for instance, in the game i can get to the top of a building and if i so choose i can walk off the edge. it's pretty fun watching it happen. it's also fun to walk your character out into the street and let him get wasted by a truck and watch him "ragdoll" all over the place.

      but, am i going to do that for real? hell no! this same mentality holds true with everything else in the game. am i suddenly going to go out and jack someone's car? no. why the hell would i?! what the hell am i going to do with someone else's car? i can't park it at my house. i have no idea where the closest chop-shop is or who i could sell it to. it's just stupid to think that a VIDEO GAME could ever even remotely change the way my life is.

      bottom line, video games, and ALL other forms of entertainment, are a release from reality. nothing more. those people who cannot differentiate reality from imaginary are the REAL PROBLEM. not the video games or television or movies or books or playboy or howard stern or whatever else you think has impact.

      they don't. the ONLY thing that can make you do something is YOURSELF. no matter what you think otherwise, THIS is TRUTH. there is no such thing as "he made me do it". none.

      so, in short, video games actually HELP people get out their aggressions from life (and believe me, there are way more grossly-inhumane things being done in our everyday "life" that make me sick to even think about and know that all of you think it's A-Okay) and allow us some form of enjoyment to help us cope with…

      ah, f* this… NO! i am sick of justifying this to idiots who think this way.

      if i want to play a game or read a book, who the F* are YOU to tell me i can't. no MATTER what age i am, keep your f* opinion where it belongs, which is OUT OF MY LIFE !!

      • Hey Gary, let's keep this discussion civil please :)

        I enjoyed your comment though! I guess it serves as a proof that many things can help people blow off a bit of steam eh? :)

        • true, civility is underrated.

          however, i feel that an attack on the entertainment i enjoy to be uncivil. also, i feel that classifying various things by age or race or creed or anything like that is also uncivil.

          when people stop trying to take away freedoms from people, then we will all be truly civil.

          yeah, i got a littel emotional there near the end, huh? lol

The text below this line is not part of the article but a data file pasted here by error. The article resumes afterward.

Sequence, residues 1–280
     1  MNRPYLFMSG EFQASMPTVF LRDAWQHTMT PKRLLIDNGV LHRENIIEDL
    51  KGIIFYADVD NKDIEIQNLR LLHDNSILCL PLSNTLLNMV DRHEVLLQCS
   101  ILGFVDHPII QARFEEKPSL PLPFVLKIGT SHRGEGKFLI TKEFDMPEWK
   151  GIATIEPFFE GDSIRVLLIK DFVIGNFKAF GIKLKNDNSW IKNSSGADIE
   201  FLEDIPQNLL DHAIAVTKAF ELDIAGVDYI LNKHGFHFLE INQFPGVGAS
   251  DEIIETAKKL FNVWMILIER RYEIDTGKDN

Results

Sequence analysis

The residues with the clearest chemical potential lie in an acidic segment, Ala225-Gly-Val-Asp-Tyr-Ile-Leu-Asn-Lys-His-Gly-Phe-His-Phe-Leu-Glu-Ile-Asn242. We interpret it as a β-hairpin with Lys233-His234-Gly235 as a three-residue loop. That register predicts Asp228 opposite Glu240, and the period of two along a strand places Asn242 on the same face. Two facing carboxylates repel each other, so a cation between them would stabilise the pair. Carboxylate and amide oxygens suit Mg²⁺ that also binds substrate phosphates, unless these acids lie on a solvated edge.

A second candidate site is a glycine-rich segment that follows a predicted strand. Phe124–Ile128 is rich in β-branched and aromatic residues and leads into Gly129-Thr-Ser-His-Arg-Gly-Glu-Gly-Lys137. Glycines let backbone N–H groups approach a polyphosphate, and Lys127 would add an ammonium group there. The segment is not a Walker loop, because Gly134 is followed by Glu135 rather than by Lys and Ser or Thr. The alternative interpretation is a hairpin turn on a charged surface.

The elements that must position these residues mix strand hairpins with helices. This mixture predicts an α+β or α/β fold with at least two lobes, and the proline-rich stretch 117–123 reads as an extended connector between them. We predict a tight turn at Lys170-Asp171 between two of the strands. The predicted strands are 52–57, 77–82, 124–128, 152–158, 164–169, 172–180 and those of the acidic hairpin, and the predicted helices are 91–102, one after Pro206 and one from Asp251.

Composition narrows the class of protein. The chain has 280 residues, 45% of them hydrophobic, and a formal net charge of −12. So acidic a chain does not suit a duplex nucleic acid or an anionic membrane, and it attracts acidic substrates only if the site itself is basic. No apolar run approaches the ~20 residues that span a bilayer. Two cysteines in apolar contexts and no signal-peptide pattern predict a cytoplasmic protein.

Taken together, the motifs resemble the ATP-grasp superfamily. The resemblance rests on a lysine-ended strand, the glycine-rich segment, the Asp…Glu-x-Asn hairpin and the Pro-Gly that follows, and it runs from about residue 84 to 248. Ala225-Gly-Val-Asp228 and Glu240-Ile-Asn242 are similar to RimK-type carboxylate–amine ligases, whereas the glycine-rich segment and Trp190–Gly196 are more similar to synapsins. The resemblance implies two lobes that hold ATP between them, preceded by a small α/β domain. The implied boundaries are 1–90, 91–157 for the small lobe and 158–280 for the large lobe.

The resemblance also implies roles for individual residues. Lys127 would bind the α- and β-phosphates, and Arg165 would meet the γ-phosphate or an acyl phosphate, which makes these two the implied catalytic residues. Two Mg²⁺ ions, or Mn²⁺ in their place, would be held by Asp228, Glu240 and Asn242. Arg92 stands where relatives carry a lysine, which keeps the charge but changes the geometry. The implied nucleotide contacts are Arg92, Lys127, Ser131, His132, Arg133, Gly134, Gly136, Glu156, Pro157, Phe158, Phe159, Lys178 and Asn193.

too bad i can't play GTA at work to blow off steam. i guess i'll just have to drive like a maniac and then go home and beat my wife instead…

          nah, i'll just wait until i get home.

          Don't forget to PICK UP YOUR TRASH !!

  21. I’m somewhere in the middle here.
    Do I like and approve of the GTA series? No.

    Do I think GTA affects people like this? I doubt it to the extent that it’s blown up to seem. Certainly, everything we see, hear, or do affects us in some way, positive or negative, to some extent.

    Do I think that GTAIV is going to facilitate a whole new generation of murderers and rapists? No, but on the same token I can’t imagine any positive effect GTA would have on people.

    • “I can’t imagine any positive effect GTA would have on people”…

      seriously? you can’t sit down for a few minutes and think hard and find at least one small, teensie thing about a video game that would have a positive spin in someone’s life?

      how about enjoyment? at the very least…

      but, since this is a topic about the impact of violence in video games, let’s focus on that.

      has anyone you have known in your life ever made a similar statement: “i was a little upset about work so i headed to the gym to blow off some steam before i went home.” never heard anything like that?…

      seriously?

      c’mon, dude. you know you have. and that is a very accurate example of someone using a distraction of non-violent aggression to get rid of some bad thoughts or memories of their day.

      video games are entertainment, plain and simple. just like movies, television, books, radio, music, internet sites, chatting and texting, phone calls, and even talking to yourself. ALL of those things have an impact on the way people act or how they view the world around them. not just video games.

      and saying things like “i was playing GTA and then ran to the store and noticed i was driving little more aggressive than i normally do” and BLAMING it on the video game is a total and utter cop-out. the PROBLEM is that you FORGOT you were in the real world. not that GTA told you to do it. YOU are the problem, not the media or the influence.